To an Unidentified Friend

Historian Broadus Mitchell suggests that Hamilton wrote this jaunty letter to Catherine Livingston, the daughter of the Governor of New Jersey. Apart from the romantic raillery, the significance of the letter seems to lie in Hamilton's conflicting senses of duty and peacefulness in bringing about the "freedom and independence" for which the colonists were fighting.

Head Quarters. Morris Town

May 1777

When I was almost out of patience and out of humour at your presumptous delay, in not showing yourself duly sensible of the honor done you, by me, your epistle opportunely came to hand, and has put all matters tolerably to rights.

As I thought it well enough written, and no discredit to you, I ventured to show it to a Gentleman of our family. He was silly enough to imagine, that I did this through vanity, and a desire to display my own importance, in having so fair and so sensible a correspondent; as he indulgently called you; but I hope you will not be so vain as to entertain, a single moment, the most distant imagination of the same kind. It would be paying yourself too high a compliment, and give room to suspect you are strongly infected with that extreme self-complacency, commonly attributed to your sex.

But as I have reason to believe this Gentleman has serious thoughts of becoming my rival, to give, at once, a mortal blow to all his hopes, I will recount what passed on this occasion. After attentive[ly] perusing your letter during which, the liveliest emotions [of] approbation were pictured in his face, 'Hamilton!' cries he, 'when you write to this divine girl again, it must be in [the] stile of adoration: none but a goddess, I am sure, could 'have penned so fine a letter!' As I know you have [an] invincible aversion to all flattery and extravagance, I [will] not be afraid, that a Quixot, capable of uttering him[self] in the language of knight-errantry, will ev[er be] able to supplant me in the good graces of a lady of yo[ur] sober understanding.

I am glad you are sensible of the oblig[ati]ons, you are under to me, for my benevolent and disinteres[ted] conduct, in making so currageous an effort, under all the imaginary terrors you intimate, without my tolerable prospect of compensation. I am very willing to continue my kindness, even though it meet with no better a return than in the last instance, provided you will stipulate on your part, that it shall meet with no worse. But to g[ive] a more perfect idea of what you owe me for this condes[cending] generosity, let me inform you, that I exercise it at th[e risk] of being anathematized by grave censors, for dedicating so much of my time, to so trifling and insignificant a toy as a woman; and, on the other hand, of being run through the body by saucy inamorato's, who will envy me the prodigious favor, forsooth, of your correspondence. So that between the morose apathy of some and the envious Sensibility of others, I shall probably be in a fine way. But ALL FOR LOVE is my motto. You may make what comments you please. Now for politics---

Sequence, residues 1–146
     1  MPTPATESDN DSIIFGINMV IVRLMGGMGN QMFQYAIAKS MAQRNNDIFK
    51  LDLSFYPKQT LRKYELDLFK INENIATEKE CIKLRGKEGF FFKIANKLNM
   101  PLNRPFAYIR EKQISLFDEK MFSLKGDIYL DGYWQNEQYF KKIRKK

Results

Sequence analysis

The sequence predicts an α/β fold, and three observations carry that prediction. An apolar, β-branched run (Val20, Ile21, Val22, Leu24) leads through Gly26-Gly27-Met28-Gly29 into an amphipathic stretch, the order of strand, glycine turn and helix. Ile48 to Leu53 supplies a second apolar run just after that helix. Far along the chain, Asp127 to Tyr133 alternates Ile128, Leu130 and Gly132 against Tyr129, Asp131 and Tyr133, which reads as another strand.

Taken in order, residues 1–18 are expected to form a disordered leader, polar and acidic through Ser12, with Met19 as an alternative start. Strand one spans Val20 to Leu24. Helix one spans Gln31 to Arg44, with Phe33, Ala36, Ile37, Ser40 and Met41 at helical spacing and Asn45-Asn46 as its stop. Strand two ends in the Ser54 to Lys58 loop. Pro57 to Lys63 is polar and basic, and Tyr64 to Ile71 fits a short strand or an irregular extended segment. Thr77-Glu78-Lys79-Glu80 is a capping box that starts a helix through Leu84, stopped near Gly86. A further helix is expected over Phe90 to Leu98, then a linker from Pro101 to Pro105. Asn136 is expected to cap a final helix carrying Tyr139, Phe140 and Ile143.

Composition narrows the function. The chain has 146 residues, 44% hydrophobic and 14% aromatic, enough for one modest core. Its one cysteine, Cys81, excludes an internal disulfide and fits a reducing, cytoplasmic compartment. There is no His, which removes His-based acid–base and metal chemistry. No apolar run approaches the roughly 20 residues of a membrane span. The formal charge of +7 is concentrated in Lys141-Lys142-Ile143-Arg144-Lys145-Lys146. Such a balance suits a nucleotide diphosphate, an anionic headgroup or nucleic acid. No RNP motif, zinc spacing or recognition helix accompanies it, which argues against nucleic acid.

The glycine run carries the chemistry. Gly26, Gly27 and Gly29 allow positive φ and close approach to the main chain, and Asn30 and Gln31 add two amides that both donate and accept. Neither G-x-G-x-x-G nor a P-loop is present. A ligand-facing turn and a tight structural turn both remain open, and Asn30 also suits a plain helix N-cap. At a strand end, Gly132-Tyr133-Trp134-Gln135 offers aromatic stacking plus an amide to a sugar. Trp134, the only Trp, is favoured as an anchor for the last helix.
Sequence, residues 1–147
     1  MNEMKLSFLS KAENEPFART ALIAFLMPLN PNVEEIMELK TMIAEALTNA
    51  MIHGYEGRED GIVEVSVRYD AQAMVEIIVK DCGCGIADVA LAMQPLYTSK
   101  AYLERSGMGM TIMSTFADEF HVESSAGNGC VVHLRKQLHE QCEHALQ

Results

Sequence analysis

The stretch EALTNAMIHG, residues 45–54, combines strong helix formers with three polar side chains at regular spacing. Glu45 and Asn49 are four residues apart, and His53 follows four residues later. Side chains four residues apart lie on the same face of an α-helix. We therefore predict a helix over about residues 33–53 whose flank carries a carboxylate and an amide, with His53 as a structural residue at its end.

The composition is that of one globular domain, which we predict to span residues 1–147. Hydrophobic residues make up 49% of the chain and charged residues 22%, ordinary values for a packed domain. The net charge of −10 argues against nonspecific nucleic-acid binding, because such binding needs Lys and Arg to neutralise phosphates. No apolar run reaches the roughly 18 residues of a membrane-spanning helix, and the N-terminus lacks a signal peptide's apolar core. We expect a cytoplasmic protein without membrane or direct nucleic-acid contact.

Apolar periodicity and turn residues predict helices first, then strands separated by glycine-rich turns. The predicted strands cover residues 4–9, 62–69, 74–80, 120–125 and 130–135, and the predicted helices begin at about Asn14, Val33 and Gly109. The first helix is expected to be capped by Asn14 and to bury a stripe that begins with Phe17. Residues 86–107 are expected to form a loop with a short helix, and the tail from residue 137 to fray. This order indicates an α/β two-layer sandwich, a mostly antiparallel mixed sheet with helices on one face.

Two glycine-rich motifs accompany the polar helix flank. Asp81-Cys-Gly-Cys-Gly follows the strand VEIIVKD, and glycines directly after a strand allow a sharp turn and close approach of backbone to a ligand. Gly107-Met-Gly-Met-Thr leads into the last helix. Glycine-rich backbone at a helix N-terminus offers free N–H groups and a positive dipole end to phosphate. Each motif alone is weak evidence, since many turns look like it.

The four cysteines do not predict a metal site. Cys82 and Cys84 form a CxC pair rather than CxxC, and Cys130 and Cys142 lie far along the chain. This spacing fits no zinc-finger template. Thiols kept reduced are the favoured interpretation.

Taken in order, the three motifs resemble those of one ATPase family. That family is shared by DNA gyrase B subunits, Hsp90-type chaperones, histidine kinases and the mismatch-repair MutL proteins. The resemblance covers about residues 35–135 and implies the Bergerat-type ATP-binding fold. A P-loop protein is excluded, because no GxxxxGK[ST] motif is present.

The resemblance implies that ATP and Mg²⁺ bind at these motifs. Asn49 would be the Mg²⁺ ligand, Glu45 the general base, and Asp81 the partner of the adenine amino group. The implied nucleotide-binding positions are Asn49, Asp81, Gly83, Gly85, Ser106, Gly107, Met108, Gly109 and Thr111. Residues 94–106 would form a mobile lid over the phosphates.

'Tis believed by our military Connoisseurs, that the enemy are preparing to quit the Jerseys, and make some expedition by water. Many suppose up the North River. But my opinion is that, if they abandon the Jerseys, they will content themselves with enjoying quiet quarters on Staten Island, 'till re-inforced. Perhaps, however, the appearances, which give rise to an opinion of an evacuation of the Jerseys, are only preparatory to an attack upon us. They would admit such an interpretation, if an attempt of the kind were not too hazardous to be consistent with prudence. Should they leave this State, your return home would be the more safe and agreeable; but you need not be precipitate.

Your sentiments respecting war are perfec[tly] just. I do not wonder at your antipathy to it. Every finer feeling of a delicate mind revolts from the idea of sheding human blood and multiplying the common evils o[f] life by the artificial methods incident to that state. Were it not for the evident necessity and in defence of all that is valuable in society, I could never be reconciled to a mili[tary] character; and shall rejoice when the restoration of pe[ace] on the basis of freedom and independence shall put it [in] my power to renounce it. That my fugitive friend [will] soon be restored to those peaceful and secure abodes, she [hopes] for, is not more her own wish, than that of

Alexr. Hamilton

Reprinted from Broadus Mitchell, Heritage from Hamilton, 1957.